5 Notable Cannabis Headlines - 11/5This week’s recap looks at a busy week in politics, midterms, and a possible light at the end of the tunnel for cannabis legalization.
Attorney General Jeff Sessions resigns after midterm elections, cannabis stock prices increase
Attorney General and staunch legalization opponent Jeff Sessions submitted his official resignation on Wednesday after pressure from President Donald Trump. "At your request, I am submitting my resignation," Sessions says in a letter he wrote to White House chief of staff John Kelly. As things stand, Matthew Whitaker will take over as acting Attorney General.
Sessions, a staunch opponent of legalization, famously rescinded the Cole memo back in January spreading uncertainty across the legal cannabis industry. His move led to a nation-wide sting operation, leading to the shutdown of several dispensaries.
News of his resignation caused stock prices for cannabis companies to rise almost immediately. Canadian company Tilray rose 30% on the NASDAQ stock exchange, while Canopy Growth was up 8% on NYSE. Aurora Cannabis and Cronos group also saw their stock price rise by 9% after receiving the news.
Michigan becomes the 10th state to legalize recreational cannabis
Cannabis has been a big part of the 2018 midterm elections, with four states voting for its future. Although marijuana was also on the ballot in Missouri and Utah, the most significant victory for cannabis legalization happened in Michigan, where voters legalized Proposal 1 by a margin of 55% to 45%. This measure allows adults of 21 and older to possess, use, buy and grow recreational marijuana, paving the road for commercial sales.
In doing so, Michigan became the first Midwestern state to fully legalize cannabis and the 10th nationwide, following a growing trend. Josh Hovey, a spokesperson of the Campaign to Regulate Marijuana Like Alcohol said to High Times that their efforts were always a battle of facts versus fear:
“The data from the nine other states to have legalized marijuana made clear that regulation and taxation are a better solution. Legalization of marijuana will end the unnecessary waste of law enforcement resources used to enforce the failed policy of prohibition while generating hundreds of millions of dollars each year for Michigan’s most important needs,” he added.
Utah votes to legalize medical cannabis
Although Michigan dominated the headlines this week, Utah also moved one step closer to the legalization of medical marijuana. Voters approved Proposition 2 with a margin of 54% against 46%. The question now is whether or not this vote will mean anything. According to the Washington Post, the result was “essentially a foregone conclusion” regardless of what happened at the polls.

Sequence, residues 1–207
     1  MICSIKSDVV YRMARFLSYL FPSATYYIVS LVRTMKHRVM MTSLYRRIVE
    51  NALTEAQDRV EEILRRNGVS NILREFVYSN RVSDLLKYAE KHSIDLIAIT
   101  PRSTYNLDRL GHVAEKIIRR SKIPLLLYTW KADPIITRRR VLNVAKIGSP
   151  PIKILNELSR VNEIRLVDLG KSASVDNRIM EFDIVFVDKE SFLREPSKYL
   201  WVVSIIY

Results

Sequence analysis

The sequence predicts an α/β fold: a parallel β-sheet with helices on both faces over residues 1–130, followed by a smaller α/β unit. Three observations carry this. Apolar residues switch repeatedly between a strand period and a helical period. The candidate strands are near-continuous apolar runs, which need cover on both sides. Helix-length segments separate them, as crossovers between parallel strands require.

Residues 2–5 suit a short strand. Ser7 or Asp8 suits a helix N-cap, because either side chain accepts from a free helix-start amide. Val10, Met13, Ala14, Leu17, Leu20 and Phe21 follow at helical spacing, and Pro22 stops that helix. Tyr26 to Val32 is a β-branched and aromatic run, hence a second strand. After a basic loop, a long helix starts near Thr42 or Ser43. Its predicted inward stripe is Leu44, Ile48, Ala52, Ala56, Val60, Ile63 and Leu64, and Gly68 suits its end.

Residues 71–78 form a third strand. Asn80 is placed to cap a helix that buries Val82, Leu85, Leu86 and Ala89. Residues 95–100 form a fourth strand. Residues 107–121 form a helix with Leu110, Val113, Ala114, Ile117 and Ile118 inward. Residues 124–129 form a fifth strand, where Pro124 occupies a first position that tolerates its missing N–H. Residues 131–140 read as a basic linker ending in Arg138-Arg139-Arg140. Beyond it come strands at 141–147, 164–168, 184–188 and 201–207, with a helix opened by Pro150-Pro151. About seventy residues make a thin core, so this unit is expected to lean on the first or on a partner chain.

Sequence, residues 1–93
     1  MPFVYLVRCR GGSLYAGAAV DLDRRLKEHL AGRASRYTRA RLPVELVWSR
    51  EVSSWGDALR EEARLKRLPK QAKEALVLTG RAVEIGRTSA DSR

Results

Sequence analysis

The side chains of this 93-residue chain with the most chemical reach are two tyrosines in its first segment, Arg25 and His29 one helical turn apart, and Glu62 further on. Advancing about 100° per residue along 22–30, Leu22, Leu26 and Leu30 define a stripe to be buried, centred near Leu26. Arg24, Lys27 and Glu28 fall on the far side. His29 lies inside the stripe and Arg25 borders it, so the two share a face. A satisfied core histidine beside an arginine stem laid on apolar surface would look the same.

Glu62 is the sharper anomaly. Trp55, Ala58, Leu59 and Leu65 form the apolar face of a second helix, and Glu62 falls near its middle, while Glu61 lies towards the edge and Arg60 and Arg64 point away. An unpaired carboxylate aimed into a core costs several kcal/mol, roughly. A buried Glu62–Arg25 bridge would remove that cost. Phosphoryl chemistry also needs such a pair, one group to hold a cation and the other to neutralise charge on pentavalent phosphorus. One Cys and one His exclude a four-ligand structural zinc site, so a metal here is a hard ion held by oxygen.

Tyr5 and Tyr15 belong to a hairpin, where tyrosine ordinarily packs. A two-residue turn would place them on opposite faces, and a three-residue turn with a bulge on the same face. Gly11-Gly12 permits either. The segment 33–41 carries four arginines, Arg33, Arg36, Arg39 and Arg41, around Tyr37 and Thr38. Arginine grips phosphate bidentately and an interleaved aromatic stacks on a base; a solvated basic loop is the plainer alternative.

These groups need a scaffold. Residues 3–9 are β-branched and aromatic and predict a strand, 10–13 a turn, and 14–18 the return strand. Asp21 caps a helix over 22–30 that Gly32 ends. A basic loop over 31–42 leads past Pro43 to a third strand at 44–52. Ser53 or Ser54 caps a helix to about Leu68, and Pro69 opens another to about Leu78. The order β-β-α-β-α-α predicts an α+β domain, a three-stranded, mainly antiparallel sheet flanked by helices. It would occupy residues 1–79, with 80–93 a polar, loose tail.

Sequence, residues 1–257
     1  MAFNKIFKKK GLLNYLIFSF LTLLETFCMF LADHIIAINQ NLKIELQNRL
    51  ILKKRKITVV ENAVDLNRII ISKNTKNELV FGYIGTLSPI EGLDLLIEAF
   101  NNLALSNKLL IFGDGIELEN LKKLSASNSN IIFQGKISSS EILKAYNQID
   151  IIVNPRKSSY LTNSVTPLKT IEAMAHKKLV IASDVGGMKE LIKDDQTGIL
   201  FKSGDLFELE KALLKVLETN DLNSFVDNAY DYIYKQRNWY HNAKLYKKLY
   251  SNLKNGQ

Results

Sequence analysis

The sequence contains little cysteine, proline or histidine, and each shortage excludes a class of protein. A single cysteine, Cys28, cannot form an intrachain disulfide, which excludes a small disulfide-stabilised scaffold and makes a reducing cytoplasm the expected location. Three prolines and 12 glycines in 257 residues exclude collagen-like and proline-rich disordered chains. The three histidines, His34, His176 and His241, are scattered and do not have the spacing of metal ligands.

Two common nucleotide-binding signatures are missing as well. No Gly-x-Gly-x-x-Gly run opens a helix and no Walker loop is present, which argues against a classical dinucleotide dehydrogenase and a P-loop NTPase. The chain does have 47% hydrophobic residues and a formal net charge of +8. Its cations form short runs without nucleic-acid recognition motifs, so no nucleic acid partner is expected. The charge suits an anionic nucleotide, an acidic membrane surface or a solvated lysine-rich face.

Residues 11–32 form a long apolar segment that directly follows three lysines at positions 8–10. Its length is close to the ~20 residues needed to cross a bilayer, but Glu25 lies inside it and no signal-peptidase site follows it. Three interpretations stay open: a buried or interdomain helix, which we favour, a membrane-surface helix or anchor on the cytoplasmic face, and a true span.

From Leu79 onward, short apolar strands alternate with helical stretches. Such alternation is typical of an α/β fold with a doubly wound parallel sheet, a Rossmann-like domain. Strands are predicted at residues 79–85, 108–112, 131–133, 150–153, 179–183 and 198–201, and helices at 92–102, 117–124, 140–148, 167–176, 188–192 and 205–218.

According to reports by Leafly, around a month ago, legalization opponents and supporters struck a deal to establish a more limited cannabis program that would satisfy both parties. This compromise likely means is that Proposition 2 was already a dead letter by the time it reached the ballot.
Lawmakers have guaranteed that they will decide on passing the bill by next month, in a special legislative session. Prior agreements mean that Proposition 2 will likely be ignored. Still, this was an important victory for Utahns, whose vote sent a robust pro-legalization message.
Senate Majority Leader Vows To End Federal Hemp Ban
On Friday, Senate Majority Leader Mitch McConnell (R-KY) has reassured the public that the federal prohibition on hemp will be lifted as part of The Agriculture Improvement Act of 2018 (aka the 2018 Farm Bill).
“If there’s a Farm Bill, it’ll be in there. I guarantee that” McConnell told reporters.
“I don’t want to overstate this – I don’t know if it’s going to be the next tobacco or not – but I do think it has a lot of potential. And as all of you already know, in terms of food and medicine but also car parts. I mean, it’s an extraordinary plant,” he added
Senator McConnell has included provisions to expand and facilitate the production, research, and commerce of state-licensed hemp. The Controlled Substances Act of 1970 will also be amended, meaning that hemp will no longer be classified as a Schedule I drug.
Illinois Governor-elect JB Pritzker wants to legalize recreational marijuana 'nearly right away'
Governor-elect JB Pritzker said Wednesday marijuana legalization would be among his priorities immediately after being sworn in. “That’s something we can work on nearly right away,” Pritzker told FOX 32, while he added that he would also look into vacating the arrest records for people who have been convicted for marijuana-related offenses.
“I want to look at all those arrest records. If we’re going to legalize recreational marijuana, then we shouldn’t have all the, what I think are, challenges in our criminal justice system, you know, still existing, people sitting in prison for things that are currently legal,” Pritzker said.
According to Illinois law, the Governor can legalize recreational cannabis by signing legislation approved by the lawmakers in the general assembly and no voting is required.